10. Mishkin, Frederic S, 1984. " Are Real Interest Rates Equal across Countries? An Empirical Investigation of International Parity Conditions," Journal of Finance, American Finance Association, vol. 39(5), pages 1345-57, December.
  11. Calvo, Guillermo A & Vegh, Carlos A, 1995. "Fighting Inflation with High Interest Rates: The Small Open Economy Case under Flexible Prices," Journal of Money, Credit and Banking, Blackwell Publishing, vol. 27(1), pages 49-66, February.
  12. Menzie D. Chinn & Guy Meredith, 2004. "Monetary Policy and Long-Horizon Uncovered Interest Parity," IMF Staff Papers, Palgrave Macmillan, vol. 51(3), pages 409-430, November.
  13. Talvi, Ernesto & Vegh, Carlos A., 2005. "Tax base variability and procyclical fiscal policy in developing countries," Journal of Development Economics, Elsevier, vol. 78(1), pages 156-190, October.
  14. Carlos A. Vegh & Guillermo Vuletin, 2012. "How is Tax Policy Conducted over the Business Cycle?," NBER Working Papers 17753, National Bureau of Economic Research, Inc.
  15. Jeffrey Frankel, 2011. "A Solution to Fiscal Procyclicality: the Structural Budget Institutions Pioneered by Chile," Working Papers Central Bank of Chile 604, Central Bank of Chile.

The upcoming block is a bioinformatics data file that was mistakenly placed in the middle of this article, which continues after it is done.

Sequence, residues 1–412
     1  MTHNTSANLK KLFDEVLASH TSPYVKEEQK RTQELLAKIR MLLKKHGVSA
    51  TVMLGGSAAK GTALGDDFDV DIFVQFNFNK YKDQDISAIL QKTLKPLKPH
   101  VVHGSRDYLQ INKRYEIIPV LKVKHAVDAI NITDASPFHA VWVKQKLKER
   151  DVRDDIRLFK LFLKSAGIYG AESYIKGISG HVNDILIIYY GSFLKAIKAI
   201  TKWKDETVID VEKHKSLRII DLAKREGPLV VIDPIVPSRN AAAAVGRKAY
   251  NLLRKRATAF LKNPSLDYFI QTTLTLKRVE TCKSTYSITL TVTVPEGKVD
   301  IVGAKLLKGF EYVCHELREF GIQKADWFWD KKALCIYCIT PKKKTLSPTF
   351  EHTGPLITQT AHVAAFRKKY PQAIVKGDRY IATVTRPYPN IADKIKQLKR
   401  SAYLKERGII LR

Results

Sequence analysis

16. Michael Gavin & Roberto Perotti, 1997. "Fiscal Policy in Latin America," NBER Chapters, in: NBER Macroeconomics Annual 1997, Volume 12, pages 11-72 National Bureau of Economic Research, Inc.
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Citations

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Cited by:
  1. Cordella, Tito & Federico, Pablo & Vegh, Carlos & Vuletin, Guillermo, 2014. "Reserve requirements in the brave new macroprudential world," Policy Research Working Paper Series 6793, The World Bank.
  2. Jean Pierre Allegret, 2012. "Responses of Monetary Authorities in Emerging Economies to International Financial Crises: What Do We Really know?," European Research Studies Journal, European Research Studies Journal, vol. 0(3), pages 3-32.
  3. Jeffrey A. Frankel & Carlos A. Végh & Guillermo Vuletin, 2011. "On Graduation from Fiscal Procyclicality," NBER Working Papers 17619, National Bureau of Economic Research, Inc.
  4. Josifidis, Kosta & Allegret, Jean-Pierre & Gimet, Céline & Pucar, Emilija Beker, 2014. "Macroeconomic policy responses to financial crises in emerging European economies," Economic Modelling, Elsevier, vol. 36(C), pages 577-591.
  5. Donal McGettigan & Kenji Moriyama & Jean F Noah Ndela Ntsama & Francois Painchaud & Haonan Qu & Chad Steinberg, 2013. "Monetary Policy in Emerging Markets," IMF Working Papers 13/96, International Monetary Fund.
  6. Abdul Abiad & John C Bluedorn & Jaime Guajardo & Petia Topalova, 2012. "The Rising Resilience of Emerging Market and Developing Economies," IMF Working Papers 12/300, International Monetary Fund.
  7. Comelli, Fabio, 2012. "Emerging market sovereign bond spreads: Estimation and back-testing," Emerging Markets Review, Elsevier, vol. 13(4), pages 598-625.
  8. Aaron Mehrotra & Ken Miyajima & Agustin Villar, 2012. "Developments of domestic government bond markets in EMEs and their implications," BIS Papers chapters, in: Bank for International Settlements (ed.), Fiscal policy, public debt and monetary policy in emerging market economies, volume 67, pages 31-50 Bank for International Settlements.